What could possibly go wrong? Most carriers have achieved a remarkable turnaround from the depression of 1990-1. Traffic has rebounded and capacity is under control, leading to healthy load factors and yields. Unit costs have fallen as workforce cuts and productivity improvements have borne fruit, while fuel prices have remained low. For the first time since the late 1980s, profits have been relatively easy to earn for most airlines.

There is no doubt the airline industry as a whole enters 1996 in a much stronger state than perhaps it has ever enjoyed. Restrust- uring has swept away many of the inefficiencies and most carriers now have in place the necessary tools to capitalise on good years and minimise the effects of poorer trading conditions. These tools include the physical items - yield management software, direct marketing tools, codesharing, computerised systems, modern aircraft with low fuel consumption and minimal maintenance needs.

Hopefully carriers also have the 'software' that they need - lean, mean management teams who are not going to be carried away by their egoes into expanding too aggressively or making doubtful acquisitions.

Still, in this business the rosy scenario can be blown away all too easily. The fundamental airline management challenge is to keep the key variables of unit costs, unit revenues and load factors in balance. In 1996 several factors at play make caution the wise course:

* Economic slowdown. In most western economies, growth is likely to be sluggish at best. Exciting growth will be limited to hotspots like China, Vietnam, India and, maybe, Japan. But elsewhere economists expect a significant slowdown compared to 1995, and this will hurt traffic growth. Many are predicting yet another recession in 1998-9.

* Labour dissatisfaction. Tired of relentless demands for productivity concessions and below-inflation pay rises, the airline labour force is beginning to revolt. The next round of cost cuts will be very hard to achieve, especially for airlines that are reporting healthy profits.

* Intensifying competition. With hundreds of codesharing alliances in place, the majors now have the rudiments of global carrier systems, and they will be competing hard - especially for the high yield passenger. Meanwhile, startups abound everywhere and some longer established medium sized carriers - like Southwest, Emirates and EVA Air - are now having a significant impact on the majors.

* The recovery has not affected all carriers equally. Several airlines have not been able to turn themselves around sufficiently, and there may not be enough time for them to do so before the next downturn.

* External events can always wreak havoc. A sudden rise in fuel prices could wreck the recovery. Airlines remain vulnerable to increases in airport and air traffic control charges. And governments may levy new taxes or increase existing ones.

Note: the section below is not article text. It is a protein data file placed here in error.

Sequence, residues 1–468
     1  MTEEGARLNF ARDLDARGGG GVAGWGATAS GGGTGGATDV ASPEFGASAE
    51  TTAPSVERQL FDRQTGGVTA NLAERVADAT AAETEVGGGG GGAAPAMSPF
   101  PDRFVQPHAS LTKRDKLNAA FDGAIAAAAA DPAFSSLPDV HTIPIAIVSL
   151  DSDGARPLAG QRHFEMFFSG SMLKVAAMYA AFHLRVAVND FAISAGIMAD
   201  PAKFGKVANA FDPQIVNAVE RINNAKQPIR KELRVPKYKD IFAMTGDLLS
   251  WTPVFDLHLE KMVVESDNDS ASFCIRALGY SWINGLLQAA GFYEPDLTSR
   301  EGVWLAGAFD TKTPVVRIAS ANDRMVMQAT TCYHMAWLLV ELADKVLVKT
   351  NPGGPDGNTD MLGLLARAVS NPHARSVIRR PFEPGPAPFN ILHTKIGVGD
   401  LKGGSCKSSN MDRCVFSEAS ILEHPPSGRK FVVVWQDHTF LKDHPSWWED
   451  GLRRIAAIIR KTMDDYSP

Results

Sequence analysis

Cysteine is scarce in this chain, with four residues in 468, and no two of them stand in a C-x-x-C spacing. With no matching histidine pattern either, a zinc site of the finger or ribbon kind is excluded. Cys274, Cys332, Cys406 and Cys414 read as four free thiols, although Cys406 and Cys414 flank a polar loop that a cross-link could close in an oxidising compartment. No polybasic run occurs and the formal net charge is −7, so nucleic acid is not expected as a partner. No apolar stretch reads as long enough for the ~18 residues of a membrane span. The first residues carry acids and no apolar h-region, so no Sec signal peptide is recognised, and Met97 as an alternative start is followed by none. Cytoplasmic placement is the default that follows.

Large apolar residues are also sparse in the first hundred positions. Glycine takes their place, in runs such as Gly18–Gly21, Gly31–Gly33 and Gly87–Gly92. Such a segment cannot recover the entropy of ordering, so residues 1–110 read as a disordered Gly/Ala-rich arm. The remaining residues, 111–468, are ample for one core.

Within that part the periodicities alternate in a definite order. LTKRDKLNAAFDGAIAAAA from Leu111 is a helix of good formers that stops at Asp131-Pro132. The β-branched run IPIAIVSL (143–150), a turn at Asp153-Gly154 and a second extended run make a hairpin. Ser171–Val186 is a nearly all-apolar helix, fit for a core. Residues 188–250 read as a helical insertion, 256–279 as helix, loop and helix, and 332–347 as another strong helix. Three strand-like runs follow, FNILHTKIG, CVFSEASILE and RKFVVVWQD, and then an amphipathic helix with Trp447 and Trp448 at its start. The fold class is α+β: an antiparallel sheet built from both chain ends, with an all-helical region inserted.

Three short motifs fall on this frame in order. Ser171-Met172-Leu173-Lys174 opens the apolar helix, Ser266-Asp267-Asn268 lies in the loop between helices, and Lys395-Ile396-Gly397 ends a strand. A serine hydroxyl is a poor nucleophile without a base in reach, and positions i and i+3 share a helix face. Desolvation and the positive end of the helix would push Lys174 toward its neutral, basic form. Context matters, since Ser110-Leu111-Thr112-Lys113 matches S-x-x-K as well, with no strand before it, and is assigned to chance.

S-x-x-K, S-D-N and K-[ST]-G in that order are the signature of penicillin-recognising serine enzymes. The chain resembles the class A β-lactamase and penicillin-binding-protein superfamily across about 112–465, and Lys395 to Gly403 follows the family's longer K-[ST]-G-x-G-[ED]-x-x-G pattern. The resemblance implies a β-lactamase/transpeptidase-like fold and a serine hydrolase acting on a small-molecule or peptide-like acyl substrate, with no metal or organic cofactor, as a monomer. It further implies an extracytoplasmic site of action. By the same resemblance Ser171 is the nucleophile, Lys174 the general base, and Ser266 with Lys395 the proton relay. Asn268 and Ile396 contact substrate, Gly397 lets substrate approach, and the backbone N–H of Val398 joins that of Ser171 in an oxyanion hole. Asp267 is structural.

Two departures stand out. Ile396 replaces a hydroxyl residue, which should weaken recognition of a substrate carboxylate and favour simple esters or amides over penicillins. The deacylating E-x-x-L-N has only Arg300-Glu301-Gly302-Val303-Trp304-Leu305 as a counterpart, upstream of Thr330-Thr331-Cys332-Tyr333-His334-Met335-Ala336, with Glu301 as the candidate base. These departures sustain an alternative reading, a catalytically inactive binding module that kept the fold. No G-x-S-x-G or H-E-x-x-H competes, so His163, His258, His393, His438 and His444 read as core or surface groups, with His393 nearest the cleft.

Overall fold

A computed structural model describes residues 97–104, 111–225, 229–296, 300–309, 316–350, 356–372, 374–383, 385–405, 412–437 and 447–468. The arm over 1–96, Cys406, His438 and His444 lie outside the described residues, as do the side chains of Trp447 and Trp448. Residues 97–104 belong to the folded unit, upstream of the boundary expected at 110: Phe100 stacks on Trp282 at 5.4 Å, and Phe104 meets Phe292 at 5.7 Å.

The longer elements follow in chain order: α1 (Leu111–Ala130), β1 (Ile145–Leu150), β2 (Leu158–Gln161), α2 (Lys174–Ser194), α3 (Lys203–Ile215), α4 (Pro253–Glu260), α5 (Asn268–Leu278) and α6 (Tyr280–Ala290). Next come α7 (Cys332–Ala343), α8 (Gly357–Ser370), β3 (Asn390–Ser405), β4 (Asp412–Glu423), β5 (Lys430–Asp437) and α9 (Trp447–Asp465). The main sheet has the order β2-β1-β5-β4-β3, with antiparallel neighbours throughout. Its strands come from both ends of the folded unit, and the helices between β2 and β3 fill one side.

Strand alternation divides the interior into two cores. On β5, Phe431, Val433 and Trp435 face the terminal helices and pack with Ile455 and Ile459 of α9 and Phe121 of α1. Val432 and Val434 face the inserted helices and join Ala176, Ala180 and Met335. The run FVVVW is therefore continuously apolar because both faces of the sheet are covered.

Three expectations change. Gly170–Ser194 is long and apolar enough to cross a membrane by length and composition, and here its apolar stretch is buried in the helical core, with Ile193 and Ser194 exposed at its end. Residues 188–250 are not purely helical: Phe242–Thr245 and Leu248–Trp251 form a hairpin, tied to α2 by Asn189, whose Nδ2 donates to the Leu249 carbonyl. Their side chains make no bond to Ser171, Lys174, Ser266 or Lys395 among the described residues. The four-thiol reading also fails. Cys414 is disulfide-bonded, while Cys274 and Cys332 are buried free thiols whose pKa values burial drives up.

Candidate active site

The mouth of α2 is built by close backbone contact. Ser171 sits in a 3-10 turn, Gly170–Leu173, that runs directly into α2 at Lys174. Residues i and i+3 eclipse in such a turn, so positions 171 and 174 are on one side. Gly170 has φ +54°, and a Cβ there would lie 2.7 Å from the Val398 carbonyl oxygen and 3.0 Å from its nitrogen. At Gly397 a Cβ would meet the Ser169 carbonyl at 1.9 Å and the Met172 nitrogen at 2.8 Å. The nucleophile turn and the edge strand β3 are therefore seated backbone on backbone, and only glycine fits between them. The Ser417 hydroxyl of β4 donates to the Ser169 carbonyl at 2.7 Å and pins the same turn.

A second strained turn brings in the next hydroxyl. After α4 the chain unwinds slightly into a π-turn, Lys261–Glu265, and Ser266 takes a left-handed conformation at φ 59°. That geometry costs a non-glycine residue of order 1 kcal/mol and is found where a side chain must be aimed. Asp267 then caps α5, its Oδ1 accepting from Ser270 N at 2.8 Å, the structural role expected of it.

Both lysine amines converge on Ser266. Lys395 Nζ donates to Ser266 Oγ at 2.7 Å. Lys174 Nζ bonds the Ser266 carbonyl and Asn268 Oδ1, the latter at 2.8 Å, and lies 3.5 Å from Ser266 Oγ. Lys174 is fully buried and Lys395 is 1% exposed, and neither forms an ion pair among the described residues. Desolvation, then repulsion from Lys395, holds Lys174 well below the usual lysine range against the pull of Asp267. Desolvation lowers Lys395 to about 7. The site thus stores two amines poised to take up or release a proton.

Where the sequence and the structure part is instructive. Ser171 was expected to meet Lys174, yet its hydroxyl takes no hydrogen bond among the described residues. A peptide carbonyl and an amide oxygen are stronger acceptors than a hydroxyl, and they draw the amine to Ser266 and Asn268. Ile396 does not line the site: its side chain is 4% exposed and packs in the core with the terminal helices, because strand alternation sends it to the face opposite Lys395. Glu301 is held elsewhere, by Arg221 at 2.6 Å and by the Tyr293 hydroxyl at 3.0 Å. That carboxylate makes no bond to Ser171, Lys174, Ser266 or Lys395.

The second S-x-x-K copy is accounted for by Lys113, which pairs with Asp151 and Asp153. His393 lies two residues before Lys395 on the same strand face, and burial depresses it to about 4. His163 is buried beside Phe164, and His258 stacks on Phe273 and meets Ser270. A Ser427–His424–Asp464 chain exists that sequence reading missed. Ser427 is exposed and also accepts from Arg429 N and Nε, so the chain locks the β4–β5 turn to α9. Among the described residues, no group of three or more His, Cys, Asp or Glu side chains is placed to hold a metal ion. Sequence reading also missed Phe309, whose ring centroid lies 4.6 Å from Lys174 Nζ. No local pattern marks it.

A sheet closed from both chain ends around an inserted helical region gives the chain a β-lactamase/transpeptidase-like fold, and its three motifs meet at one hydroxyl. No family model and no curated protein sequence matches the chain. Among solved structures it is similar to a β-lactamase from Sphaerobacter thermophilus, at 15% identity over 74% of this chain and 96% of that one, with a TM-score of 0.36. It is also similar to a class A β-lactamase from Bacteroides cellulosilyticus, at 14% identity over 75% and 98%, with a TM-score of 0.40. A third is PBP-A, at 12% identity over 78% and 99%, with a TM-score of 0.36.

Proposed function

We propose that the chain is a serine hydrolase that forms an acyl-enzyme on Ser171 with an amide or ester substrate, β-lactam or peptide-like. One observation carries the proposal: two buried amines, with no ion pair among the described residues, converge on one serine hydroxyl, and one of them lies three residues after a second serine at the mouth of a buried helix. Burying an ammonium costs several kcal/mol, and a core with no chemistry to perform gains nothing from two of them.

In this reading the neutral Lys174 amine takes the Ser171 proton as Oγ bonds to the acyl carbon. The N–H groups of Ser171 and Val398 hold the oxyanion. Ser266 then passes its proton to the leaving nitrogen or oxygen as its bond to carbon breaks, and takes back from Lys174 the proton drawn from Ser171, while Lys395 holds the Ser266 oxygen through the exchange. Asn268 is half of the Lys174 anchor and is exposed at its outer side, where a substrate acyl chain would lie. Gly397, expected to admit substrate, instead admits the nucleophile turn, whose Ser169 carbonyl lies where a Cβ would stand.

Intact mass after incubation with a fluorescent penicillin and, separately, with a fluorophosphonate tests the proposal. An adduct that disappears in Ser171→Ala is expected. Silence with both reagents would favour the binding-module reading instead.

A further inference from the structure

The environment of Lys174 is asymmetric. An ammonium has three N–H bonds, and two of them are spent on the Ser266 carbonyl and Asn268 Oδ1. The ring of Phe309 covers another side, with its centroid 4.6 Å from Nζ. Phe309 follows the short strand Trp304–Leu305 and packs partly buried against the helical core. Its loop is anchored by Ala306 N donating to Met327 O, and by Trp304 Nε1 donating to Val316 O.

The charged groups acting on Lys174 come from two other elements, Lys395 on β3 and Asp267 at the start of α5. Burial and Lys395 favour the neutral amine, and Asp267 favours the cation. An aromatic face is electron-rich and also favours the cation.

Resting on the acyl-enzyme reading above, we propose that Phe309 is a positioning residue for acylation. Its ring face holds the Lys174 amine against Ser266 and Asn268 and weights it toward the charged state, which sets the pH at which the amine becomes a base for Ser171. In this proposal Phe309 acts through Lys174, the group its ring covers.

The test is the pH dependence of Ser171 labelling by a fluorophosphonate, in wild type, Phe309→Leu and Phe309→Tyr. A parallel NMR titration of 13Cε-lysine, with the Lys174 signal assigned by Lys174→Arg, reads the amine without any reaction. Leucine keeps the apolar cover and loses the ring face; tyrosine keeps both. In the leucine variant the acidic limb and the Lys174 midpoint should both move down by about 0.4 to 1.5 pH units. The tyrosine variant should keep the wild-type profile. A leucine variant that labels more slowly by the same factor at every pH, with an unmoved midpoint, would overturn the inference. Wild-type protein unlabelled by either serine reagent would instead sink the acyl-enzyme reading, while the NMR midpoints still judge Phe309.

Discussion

While Iata talks of $5 billion in industrywide profits for 1996, this may well represent the peak of the current cycle. During the year, wise carriers will concentrate on careful husbandry - cautious expansion, circumspect capacity increases, the paying down of as much debt as possible, and more improvements in productivity.

The electronic ticketing revolution is now well under way, and further initiatives in this area can be expected. Ticketless travel, yield management and frequent flyer programmes represent a golden triangle of marketing techniques which are beginning to distinguish the winning carriers from the also-rans. Technology is now allowing sophisticated carriers much more direct access to their customers than they have ever had.

The structural issues are always the hardest to predict. United decided not to buy USAir, but the discussions placed consolidation back in centre stage. There may well be significant merger activity in 1996 as carriers try to strengthen their global market position. USAir remains the focus of most US analysts' attention, and KLM is mentioned most often in Europe.

Aeropolitics seems to have reached a dead end. Europe is clearly not ready for joint talks with the US, and the prospects for new deals between the US and the UK and Japan are no better than 50:50. The US strategy of picking off European countries for individual deals may result in anti-trust immunity for more transatlantic codesharing alliances. Meaningful progress towards a multilateral regime is not likely in the near future.

Richard Whitaker

Source: Airline Business